The Hobbit has finally got the green light and will be made in 3-D with Sir Peter Jackson in the director's chair.
Shooting will begin in February.
The announcement was made today jointly by New Line Cinema - which bankrolled The Lord of the Rings, its parent company Warner Bros and MGM.
The announcement did not state whether the two-part prequel to The Lord of the Rings would be shot in New Zealand.
Matt Dravitzki, Jackson's assistant at Wingnut Films, said an annoucement on the place of filming would be "probably a week or two away".
Members of New Zealand actors' union Equity are refusing to participate in The Hobbit until they meet with its producers. The producers will not meet them and Jackson has said the film may be forced to be shot in another country.
A meeting on Thursday, facilitated by the Government, included representatives of the Screen Production and Development Association, Equity and the Council of Trade Unions.
It ended with all agreeing to work together to "update the conditions of engagement for performers in the New Zealand screen production industry".
But it was unclear how much of the meeting focused on The Hobbit.
Jackson as director ends months of speculation since Mexican film-maker Guillermo del Toro - hand picked by Jackson to direct - quit in May due to delays on starting date for The Hobbit, in part due to financial problems with backer MGM.
There had also been speculation that the two part film would be shot in 3-D.
Both parts would be made "using the latest camera and stereo technology to create a high quality, comfortable viewing experience", the studios said.
The project is expected to cost about US$500 million (NZ$660m) to make.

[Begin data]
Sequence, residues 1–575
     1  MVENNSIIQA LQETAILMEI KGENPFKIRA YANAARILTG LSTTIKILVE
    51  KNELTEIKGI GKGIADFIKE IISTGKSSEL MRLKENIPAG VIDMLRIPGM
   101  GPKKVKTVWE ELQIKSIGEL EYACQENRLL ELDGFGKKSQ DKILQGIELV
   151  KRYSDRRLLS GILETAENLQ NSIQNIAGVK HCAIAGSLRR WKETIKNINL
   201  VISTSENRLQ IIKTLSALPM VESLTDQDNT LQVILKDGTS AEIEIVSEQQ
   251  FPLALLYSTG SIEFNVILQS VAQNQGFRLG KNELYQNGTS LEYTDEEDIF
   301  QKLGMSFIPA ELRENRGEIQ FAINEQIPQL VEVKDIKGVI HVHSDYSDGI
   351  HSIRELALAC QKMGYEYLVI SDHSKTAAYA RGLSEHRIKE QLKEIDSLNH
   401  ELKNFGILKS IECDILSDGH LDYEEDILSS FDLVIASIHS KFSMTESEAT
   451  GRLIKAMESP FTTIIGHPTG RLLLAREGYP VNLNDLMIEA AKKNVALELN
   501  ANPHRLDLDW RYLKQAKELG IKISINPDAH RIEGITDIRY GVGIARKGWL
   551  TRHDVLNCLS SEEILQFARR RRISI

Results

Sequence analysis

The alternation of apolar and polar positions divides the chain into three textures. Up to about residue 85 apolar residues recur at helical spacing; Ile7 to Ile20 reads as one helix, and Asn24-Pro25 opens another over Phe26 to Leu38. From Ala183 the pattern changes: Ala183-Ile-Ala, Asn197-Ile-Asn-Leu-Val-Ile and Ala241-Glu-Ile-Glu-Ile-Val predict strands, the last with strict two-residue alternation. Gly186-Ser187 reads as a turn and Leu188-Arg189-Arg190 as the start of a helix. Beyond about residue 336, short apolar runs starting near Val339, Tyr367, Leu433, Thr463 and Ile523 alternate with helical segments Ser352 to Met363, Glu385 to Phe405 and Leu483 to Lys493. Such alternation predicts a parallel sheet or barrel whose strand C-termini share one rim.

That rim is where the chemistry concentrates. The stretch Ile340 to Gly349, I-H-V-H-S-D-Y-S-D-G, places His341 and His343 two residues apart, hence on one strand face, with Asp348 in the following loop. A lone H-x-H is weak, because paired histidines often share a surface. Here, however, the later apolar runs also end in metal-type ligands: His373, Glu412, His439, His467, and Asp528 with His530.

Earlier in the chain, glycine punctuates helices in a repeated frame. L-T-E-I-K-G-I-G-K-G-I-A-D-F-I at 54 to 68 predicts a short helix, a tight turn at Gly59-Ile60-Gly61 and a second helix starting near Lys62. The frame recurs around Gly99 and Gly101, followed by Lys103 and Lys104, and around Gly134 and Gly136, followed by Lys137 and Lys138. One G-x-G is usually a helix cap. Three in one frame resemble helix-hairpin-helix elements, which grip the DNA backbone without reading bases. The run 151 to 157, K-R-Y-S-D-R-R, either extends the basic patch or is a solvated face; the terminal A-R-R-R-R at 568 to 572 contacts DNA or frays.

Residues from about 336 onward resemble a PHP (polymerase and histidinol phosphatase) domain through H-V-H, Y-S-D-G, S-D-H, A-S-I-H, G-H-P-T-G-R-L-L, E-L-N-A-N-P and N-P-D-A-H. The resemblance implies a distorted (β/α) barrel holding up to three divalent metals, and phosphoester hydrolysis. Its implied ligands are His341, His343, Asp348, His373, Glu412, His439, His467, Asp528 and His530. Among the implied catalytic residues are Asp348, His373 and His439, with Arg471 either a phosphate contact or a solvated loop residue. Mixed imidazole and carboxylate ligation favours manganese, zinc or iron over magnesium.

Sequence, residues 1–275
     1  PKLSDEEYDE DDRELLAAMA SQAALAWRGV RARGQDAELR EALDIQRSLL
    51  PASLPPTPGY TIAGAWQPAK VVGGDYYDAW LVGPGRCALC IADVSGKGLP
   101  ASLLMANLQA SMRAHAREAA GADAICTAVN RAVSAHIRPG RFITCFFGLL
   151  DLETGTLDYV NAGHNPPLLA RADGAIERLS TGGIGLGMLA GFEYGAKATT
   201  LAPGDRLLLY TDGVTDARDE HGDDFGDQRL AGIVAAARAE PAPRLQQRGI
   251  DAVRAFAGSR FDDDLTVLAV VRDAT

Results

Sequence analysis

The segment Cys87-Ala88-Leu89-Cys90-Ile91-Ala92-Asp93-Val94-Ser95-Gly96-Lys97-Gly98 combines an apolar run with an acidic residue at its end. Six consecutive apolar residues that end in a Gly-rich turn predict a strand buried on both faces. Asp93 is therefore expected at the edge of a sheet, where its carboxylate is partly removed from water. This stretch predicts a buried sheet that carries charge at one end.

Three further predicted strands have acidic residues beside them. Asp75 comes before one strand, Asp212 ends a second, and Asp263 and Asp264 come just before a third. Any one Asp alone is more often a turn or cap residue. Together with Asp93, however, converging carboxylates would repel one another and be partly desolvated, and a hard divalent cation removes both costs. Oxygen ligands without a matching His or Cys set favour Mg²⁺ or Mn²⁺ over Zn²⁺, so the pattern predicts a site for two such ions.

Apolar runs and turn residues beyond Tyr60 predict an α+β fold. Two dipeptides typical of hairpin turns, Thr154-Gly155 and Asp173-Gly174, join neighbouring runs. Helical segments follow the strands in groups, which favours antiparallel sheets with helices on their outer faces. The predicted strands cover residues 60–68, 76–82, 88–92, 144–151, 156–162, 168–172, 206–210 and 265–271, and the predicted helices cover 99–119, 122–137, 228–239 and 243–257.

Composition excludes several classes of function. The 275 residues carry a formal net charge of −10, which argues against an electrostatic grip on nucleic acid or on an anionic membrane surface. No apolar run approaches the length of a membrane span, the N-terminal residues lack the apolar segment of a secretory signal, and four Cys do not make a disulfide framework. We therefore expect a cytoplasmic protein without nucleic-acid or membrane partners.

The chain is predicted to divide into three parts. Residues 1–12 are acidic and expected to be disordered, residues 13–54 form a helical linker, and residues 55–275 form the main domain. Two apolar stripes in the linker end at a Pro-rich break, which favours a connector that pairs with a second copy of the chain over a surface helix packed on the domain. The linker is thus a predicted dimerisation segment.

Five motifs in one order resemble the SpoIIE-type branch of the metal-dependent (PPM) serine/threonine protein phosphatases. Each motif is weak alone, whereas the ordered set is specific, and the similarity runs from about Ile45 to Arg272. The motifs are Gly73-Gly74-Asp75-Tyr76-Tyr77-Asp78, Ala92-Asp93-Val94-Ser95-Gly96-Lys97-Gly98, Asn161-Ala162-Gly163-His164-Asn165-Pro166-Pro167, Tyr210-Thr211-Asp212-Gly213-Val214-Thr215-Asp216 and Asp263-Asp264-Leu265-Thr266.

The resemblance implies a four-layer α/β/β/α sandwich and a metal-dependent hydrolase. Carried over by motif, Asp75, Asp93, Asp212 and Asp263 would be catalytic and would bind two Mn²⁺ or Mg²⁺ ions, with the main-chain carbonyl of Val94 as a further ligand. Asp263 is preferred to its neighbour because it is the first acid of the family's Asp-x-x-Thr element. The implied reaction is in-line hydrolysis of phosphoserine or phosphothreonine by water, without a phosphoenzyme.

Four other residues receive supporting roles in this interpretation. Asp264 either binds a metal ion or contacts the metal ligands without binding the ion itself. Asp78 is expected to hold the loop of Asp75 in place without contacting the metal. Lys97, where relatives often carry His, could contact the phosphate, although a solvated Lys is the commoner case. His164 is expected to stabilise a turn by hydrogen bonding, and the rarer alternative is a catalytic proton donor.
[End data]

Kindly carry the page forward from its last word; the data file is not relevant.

“Exploring Tolkien’s Middle-earth goes way beyond a normal film making experience” Jackson said, "It’s an all-immersive journey into a very special place of imagination, beauty and drama.
"We’re looking forward to re-entering this wondrous world with Gandalf and Bilbo - and our friends at New Line Cinema, Warner Brothers and MGM”.
“There is no human being on the planet as qualified as Peter Jackson to direct these films,” said Warner Bros president Alan Horn.
“Peter is incredibly talented and has the creative vision and experience to bring this beloved property to life in a way that no other film-maker could.
And the team of Fran Walsh and Philippa Boyens have proven through their work on the Lord of the Rings trilogy that no one is more skilled at transforming Tolkien's written words into a vibrant, living language that makes the audience believe they are not merely visiting Middle-earth, but actually living in it.
"We couldn’t be more thrilled and look forward to seeing The Hobbit take shape under Peter’s stewardship and the team he is putting together.”
“Peter is a filmmaker of incomparable ability; having him return to Middle-earth to produce and direct is a dream come true. A true original, Jackson is a gifted story-teller, visionary director and pioneer in film technology,” said New Line Cinema president Toby Emmerich.
“Reuniting with Peter, Fran and Philippa on truly makes it feel like we are going 'there and back again.’”
Weta Digital in Wellington was heavily involved in 3-D visual effects for James Cameron's Avatar and is also working in 3-D for the first Tintin film, directed by Steven Spielberg.
This raised the possibility that, even if location shooting for The Hobbit is moved outside New Zealand, a substantial part of the visual effects, as well as pre and post production could still be done in New Zealand.
- © Fairfax NZ News
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